This shows how to build a pond in a raised garden bed. It’s a good option if you cannot dig a pond or simply want better accessibility. It also opens up more options for pond locations in your garden.
This is part of a complete guide to garden ponds: 17+ Backyard Pond Ideas and building tips.
Garden Pond In A Raised Bed
I originally built this small pond in a raised bed at our old house because I wanted a water feature in a narrow strip of garden near the house.
We could not dig the soil there due to underground cables so I opted to build up instead.
I ended up liking this arrangement much better than an in-ground pond for a number of reasons.
If you would like a larger pond see
How I Built an Inground Pond
Advantages To Raised Bed Ponds
- The height of the pond makes it very easy to access the pond filter pump for regular maintenance.
- It’s very easy to weed the surrounding flower beds.
- You are much less likely to fall in. I tell you this as the person who has fallen into the in-ground pond. Twice.
Safety and Legal Considerations
- Before you install a water feature of any kind, check your local bylaws and consider the safety issues. You do not want any open water where children might play unattended.
Supplies & Materials
You will need
- A pond form or pond liner. My pond is approximately 400 gallons.
If you use a pond liner, you’ll also need some flat-bottomed rocks or stepping stones to hold the liner lip down around the edge of the pond.
- A recirculating pond pump made for the size of the pond. A 450 gallon pond needs, at minimum, a 450 gph (gallons per hour) pump plus more power if you have a waterfall. I always buy my pumps new and keep a spare on hand in case of malfunction so the fish and plants are safe and never freeze in the winter.
- A raised bed built to fit the pond. I have free instructions for building raised beds here.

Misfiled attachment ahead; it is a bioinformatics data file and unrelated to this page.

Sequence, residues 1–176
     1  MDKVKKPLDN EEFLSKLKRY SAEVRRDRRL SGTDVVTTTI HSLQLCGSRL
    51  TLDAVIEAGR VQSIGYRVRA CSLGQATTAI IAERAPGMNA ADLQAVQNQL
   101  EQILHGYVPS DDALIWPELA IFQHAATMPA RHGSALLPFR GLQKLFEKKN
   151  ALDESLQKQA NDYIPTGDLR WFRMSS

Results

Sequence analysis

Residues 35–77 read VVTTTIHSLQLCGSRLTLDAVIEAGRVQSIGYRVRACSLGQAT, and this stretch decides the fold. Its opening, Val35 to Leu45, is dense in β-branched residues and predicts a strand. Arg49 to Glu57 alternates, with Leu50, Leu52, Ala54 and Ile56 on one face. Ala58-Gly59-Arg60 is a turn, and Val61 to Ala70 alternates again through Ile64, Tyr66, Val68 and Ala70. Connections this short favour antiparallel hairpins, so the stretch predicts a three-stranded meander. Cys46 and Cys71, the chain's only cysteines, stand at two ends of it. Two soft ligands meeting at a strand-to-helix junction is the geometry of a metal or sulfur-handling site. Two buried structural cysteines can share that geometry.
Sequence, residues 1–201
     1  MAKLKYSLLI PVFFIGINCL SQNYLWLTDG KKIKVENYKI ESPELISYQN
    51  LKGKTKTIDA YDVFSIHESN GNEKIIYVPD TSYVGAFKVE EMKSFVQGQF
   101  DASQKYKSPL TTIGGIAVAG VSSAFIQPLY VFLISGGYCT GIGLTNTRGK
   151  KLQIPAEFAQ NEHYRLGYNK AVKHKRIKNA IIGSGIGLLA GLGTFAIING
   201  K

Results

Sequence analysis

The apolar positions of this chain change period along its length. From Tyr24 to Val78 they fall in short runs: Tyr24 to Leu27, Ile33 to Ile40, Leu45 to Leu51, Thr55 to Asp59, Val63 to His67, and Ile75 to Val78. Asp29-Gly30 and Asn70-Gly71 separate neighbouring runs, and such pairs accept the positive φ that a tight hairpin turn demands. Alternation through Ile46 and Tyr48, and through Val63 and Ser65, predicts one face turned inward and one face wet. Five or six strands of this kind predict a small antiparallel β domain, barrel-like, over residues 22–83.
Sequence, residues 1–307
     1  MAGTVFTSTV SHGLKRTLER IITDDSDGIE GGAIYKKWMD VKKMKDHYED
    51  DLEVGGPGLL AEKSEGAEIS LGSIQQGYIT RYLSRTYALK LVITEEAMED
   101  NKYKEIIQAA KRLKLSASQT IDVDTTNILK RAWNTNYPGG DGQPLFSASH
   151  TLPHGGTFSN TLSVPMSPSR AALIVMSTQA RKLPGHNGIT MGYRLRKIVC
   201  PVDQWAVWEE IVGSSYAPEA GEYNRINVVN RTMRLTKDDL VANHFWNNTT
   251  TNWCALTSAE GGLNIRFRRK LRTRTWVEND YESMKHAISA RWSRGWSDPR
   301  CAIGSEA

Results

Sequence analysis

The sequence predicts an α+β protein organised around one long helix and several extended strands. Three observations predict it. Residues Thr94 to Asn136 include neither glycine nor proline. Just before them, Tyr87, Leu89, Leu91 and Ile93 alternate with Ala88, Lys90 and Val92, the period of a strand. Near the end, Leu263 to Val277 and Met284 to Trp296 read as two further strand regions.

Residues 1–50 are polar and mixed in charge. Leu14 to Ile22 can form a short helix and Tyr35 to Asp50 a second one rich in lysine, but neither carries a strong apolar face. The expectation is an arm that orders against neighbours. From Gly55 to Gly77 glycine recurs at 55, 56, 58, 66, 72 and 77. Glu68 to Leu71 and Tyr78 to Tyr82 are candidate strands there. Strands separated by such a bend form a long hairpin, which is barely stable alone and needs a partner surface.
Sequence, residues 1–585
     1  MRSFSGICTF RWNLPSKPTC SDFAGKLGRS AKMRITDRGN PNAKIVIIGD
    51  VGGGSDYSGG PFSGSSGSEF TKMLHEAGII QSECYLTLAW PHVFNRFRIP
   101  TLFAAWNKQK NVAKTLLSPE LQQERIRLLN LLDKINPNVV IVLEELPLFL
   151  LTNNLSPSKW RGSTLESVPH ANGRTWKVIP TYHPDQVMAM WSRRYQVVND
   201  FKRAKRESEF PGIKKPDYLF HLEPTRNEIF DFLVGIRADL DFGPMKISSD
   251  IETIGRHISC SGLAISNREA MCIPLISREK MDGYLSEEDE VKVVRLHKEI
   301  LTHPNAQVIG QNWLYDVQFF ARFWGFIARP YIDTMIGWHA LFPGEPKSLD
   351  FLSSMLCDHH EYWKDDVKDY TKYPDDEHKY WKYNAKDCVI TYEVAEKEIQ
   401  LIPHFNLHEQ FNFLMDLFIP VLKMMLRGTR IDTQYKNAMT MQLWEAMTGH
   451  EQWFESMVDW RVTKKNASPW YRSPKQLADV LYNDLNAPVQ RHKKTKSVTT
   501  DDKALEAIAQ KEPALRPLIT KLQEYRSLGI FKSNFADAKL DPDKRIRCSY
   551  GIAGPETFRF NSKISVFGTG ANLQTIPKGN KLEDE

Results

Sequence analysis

- Soil to fill in the space between the pond form and the bed. You’ll want good compost and potting soil for the top 8″ (or more) of soil. If you will be growing fruits or vegetables in this bed, make sure your soil is food-safe.
- Access to a GFCI (ground-fault circuit interupter) outdoor electrical outlet for running the pump.
- Aquatic water plants. Look for ‘hardy’ ones. Annual water plants require separate winter storage to avoid freezing.
- Fish. But don’t buy them until your plants have been in the pond for a few weeks. I use cold water ‘feeder fish’ which are sold as live food at the pet store for 10 cents each. They will grow into big, beautiful goldfish.
- Get your pond form first since it will determine how big the raised bed needs to be.
- Consider the length, width, and height of the raised bed. You want room for plants beside the pond and enough height to fit the depth of the pond.
- My pond raised bed is 4×8′ and about 16″ deep. I buried about 8 inches of the pond in the ground, which was as much as I could dig without hitting underground cables. I used the soil I removed for filling in the space around the base of the pond form.
- You don’t want a bed much wider than four feet or it becomes very difficult to reach into the pond for maintenance.
- Prepare your pond location. Make the ground level and have a GFCI outlet and water source nearby.
- Build the raised bed. Need to know the best type of wood to choose? See this.
- Insert the pond form.
- Fill in the spaces around the pond form with soil, making sure it fits snugly.
- Figure out how you want to arrange the circulating pump and where the electrical cord will go.
- Fill with water. If your water is chlorinated, allow time for it to off-gas.
- Add aquatic plants.
- Wait a few weeks before adding fish. You want to make sure everything is running properly and allow time for some natural scunge to build up around the inside of the pond. The fish can live off this natural habitat. Nom. Nom. Nom.
- Plant area surrounding pond. Be sure plants are fish-safe in case flowers or foliage falls in the water.
- Place plants low down in the pond for the winter.
- So long as you keep the water circulating all winter long, the fish survive. They simply go dormant in cold water. It’s kind of freaky, but cool.
- You can also use a floating de-icer to prevent the pond from freezing over.
For more, see How to Keep Pond Fish Alive in Winter.
~Melissa the Empress of Dirt ♛